This painting was originally shown in 1974 under an alternate title: Death and The Three Graces, for the Greek goddesses of beauty, charm, and joy. The painting was taken to the Royal Academy’s Summer Exhibition in 1975. The image is overloaded with allegorical associations, including Beauty and Decay, Fool Symbolism, and The Three Fates. However, the quotation of the painting itself within the painting creates the sense of a doppelganger, or double, an uncanny portent of bad luck in German folk-lore.
Oil on canvas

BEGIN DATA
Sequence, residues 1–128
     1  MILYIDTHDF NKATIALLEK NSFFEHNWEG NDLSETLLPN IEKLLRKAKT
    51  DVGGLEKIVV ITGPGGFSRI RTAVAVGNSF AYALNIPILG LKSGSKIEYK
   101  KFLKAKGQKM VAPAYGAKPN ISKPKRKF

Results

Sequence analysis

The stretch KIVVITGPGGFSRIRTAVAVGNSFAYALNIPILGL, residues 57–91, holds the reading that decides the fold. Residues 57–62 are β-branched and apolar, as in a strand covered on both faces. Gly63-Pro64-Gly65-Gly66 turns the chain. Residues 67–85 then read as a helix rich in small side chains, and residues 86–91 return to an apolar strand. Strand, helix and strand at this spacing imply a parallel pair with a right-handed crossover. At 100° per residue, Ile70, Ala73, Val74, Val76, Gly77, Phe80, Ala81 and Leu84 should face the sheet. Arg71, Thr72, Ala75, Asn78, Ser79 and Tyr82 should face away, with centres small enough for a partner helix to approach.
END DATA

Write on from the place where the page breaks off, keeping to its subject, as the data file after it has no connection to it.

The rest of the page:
This painting, specially commissioned in 1977, features (to the left) prominent architects and engineers responsible for some of Plymouth’s major building enterprises. Isambard Kingdom Brunel built the Royal Albert Bridge linking Plymouth to Cornwall by rail in 1859; John Foulston (foreground) designed many of Plymouth’s public and private buildings between 1810 and 1830; Sir Patrick Abercrombie, the Town Planner and co-author of the ‘Plan for Plymouth’ (1943), and its other author, J. Paton Watson, Plymouth City Engineer and Surveyor, who designed much of the post-war city centre.
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